Shanghai may be down, another 4% today:
And have some hope of finding a support level. But you can’t say the same for Chinext, China’s tech-heavy NASDAQ equivalent, down 8% today and looking very like it’s headed for Hell:
Where high-beta goes the overall market will follow. Does it matter?
According to B0fAML, any reversal will be of sufficient magnitude to disrupt the global cycle:
If Bank of America Corp. is right, the new must-watch indicator for global bond and currency markets comes from somewhere few traders in New York and London would think to check: the Shanghai Composite Index of Chinese share prices.
“Normally, when I come into the office, the first thing I look at is where 10-year Treasury yields are trading, where euro-dollar is trading,” David Woo, the head of global rates and currencies research at Bank of America, said in an interview on Bloomberg Radio in New York. “These days, the first thing I look at on the Bloomberg terminal is where the Shanghai Composite is trading.”
Woo said China’s rally has become so big — he called it the world’s largest bubble since dot-com boom of the late 1990s — that the eventual collapse will have consequences for markets around the world.
Chinese shares may drop as much as 30 percent when the mania ends, weighing on consumers who have been an important driver of growth in Asia’s largest economy, Woo said. He expects the selloff will be bullish for the dollar and U.S. Treasuries.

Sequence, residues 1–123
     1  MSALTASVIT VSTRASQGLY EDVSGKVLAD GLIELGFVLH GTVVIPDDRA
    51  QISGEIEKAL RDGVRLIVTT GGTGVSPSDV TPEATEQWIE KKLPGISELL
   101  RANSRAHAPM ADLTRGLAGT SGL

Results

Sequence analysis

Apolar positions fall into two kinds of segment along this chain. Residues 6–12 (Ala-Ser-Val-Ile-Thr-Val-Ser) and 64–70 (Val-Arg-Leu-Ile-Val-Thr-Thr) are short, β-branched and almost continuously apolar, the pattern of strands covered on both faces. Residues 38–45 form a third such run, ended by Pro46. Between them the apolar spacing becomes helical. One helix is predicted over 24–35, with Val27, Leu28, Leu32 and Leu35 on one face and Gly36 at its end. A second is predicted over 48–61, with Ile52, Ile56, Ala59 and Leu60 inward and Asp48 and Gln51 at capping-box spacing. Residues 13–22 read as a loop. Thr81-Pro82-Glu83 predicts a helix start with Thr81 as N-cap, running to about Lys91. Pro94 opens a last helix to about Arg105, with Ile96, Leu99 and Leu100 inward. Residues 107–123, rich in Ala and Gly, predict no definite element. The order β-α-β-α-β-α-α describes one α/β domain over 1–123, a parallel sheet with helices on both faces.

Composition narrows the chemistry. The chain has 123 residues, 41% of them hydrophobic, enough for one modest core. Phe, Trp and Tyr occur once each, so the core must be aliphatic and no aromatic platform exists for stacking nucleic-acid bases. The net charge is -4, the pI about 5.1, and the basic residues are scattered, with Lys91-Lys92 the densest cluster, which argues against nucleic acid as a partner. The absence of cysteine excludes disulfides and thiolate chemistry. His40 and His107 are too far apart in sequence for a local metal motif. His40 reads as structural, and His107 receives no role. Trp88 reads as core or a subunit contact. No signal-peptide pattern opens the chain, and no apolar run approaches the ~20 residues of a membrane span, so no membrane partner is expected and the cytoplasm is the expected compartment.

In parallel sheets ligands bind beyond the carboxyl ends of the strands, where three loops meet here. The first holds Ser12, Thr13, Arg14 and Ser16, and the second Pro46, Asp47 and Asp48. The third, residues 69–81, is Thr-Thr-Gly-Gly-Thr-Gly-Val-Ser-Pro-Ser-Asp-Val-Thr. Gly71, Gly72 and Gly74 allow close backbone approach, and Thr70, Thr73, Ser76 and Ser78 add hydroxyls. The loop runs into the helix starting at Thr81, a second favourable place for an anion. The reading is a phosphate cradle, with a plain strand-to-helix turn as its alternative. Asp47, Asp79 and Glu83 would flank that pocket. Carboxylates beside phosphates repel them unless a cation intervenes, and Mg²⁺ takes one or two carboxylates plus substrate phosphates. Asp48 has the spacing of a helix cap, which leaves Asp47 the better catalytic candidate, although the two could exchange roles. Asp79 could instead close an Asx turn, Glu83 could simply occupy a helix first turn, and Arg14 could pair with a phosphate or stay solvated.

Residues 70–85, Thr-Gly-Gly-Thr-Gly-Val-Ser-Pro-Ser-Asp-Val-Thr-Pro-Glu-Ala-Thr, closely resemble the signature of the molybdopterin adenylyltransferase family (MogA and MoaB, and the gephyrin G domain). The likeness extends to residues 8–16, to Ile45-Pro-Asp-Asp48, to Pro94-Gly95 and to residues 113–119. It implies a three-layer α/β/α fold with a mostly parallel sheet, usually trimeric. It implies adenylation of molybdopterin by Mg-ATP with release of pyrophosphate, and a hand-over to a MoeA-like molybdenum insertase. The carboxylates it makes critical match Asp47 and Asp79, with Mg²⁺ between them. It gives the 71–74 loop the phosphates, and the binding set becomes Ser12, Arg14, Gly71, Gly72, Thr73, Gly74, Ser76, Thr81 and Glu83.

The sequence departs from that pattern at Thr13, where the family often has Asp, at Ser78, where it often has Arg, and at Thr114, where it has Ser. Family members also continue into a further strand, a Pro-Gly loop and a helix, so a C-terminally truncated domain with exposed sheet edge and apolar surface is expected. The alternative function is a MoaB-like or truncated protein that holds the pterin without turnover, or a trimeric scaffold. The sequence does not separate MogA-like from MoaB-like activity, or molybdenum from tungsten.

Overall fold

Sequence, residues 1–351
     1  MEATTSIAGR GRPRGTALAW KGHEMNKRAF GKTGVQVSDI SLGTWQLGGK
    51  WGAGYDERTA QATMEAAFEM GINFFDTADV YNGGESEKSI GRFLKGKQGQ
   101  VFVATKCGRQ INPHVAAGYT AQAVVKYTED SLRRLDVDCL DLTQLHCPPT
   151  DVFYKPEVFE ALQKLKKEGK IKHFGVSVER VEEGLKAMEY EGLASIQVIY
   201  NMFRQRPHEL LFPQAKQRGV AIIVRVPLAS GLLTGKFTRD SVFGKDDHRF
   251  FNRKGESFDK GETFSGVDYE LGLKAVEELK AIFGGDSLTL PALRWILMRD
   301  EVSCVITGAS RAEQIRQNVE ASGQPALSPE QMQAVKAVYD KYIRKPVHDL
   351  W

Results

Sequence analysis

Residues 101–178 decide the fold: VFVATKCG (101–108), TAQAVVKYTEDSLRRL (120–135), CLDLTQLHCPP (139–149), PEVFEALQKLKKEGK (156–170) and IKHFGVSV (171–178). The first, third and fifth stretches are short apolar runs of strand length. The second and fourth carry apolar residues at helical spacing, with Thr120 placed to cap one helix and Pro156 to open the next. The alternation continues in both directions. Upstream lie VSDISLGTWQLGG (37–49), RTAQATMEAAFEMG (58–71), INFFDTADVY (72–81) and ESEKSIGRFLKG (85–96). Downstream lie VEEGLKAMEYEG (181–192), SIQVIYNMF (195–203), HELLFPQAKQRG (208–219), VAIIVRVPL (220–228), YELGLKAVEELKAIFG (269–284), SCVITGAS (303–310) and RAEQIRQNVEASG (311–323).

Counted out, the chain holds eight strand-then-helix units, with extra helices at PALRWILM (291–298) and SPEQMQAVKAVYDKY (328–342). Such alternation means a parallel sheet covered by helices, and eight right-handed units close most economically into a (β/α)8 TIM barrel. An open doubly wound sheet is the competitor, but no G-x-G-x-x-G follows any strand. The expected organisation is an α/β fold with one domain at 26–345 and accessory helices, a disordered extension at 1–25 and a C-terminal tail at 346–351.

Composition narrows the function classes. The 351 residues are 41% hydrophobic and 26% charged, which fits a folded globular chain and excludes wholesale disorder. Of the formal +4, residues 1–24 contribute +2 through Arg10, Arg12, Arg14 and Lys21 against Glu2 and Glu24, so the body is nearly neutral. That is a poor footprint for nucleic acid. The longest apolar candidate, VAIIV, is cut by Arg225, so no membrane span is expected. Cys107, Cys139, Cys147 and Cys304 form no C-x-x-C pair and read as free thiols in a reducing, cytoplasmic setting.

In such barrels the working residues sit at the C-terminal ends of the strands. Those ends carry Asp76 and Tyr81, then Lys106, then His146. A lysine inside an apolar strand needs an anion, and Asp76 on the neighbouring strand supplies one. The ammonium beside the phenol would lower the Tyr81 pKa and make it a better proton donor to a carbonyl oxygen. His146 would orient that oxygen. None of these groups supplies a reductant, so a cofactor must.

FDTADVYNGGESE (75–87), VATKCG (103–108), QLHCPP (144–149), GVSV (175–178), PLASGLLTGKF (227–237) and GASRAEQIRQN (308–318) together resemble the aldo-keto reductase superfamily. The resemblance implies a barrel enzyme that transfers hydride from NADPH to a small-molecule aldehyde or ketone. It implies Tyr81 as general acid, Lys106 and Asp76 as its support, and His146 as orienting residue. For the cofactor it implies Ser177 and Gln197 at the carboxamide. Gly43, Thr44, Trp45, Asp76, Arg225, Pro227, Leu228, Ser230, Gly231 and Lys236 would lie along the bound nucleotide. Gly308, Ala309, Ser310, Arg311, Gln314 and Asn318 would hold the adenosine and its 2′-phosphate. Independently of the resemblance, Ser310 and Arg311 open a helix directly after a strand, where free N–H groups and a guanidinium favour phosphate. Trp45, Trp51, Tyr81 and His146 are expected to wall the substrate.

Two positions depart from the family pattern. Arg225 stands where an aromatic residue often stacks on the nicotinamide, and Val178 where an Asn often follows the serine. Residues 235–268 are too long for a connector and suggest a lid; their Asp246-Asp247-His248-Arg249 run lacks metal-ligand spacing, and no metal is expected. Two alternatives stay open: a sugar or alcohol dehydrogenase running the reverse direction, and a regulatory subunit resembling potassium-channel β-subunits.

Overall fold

It will have a “knock on effect on the whole world economy,” Woo said. “The only thing that’s holding up the Chinese economy are the Chinese consumers right now. The Chinese consumers are all involved in the Chinese stock market.”
A few bold assumptions there! I’m pretty sure that all Chinese consumers aren’t that stupid. In the past when we’ve seen Shanghai bubble and bust the impact was muted because shareholdings are relatively concentrated.
Nonetheless, that was in 2008/9 when the consumer did not matter so much to Chinese growth. The stimulus unleashed then was all investment based so it may well have hidden the impact of the Shanghai bust. Now, consumers are the emerging growth engine of the economy so if Shanghai were to pop then the impact is likely to be greater. Just how great?
The Shanghai bubble has inflated independently of global stock markets as the Chinese economic restructuring has turned easing credit towards shares over investment activities such as real estate. It has been a sudden and dramatic rise resulting from markedly weakening Chinese growth not the result of a growth surge. So, for one, were it to impact consumers, more stimulus would be forthcoming, limiting the bust.
For those outside of China, the impacts are relatively contained. The capital account is still largely closed so there’s no direct international contagion effect. The impacts outside China would be on sentiment and trade to the extent that the bust hit Chinese demand.
This would first impact commodity prices, most obviously oil, iron ore, coal and copper, in turn, generating further deflation in Western economies, delaying tightening and or stimulating more easing, immediately supporting their bond and stock markets.
Thus a Shanghai bust would not be enough to derail the global business cycle but could entrench current trends in Western markets driving them upwards towards their own bubbles and busts.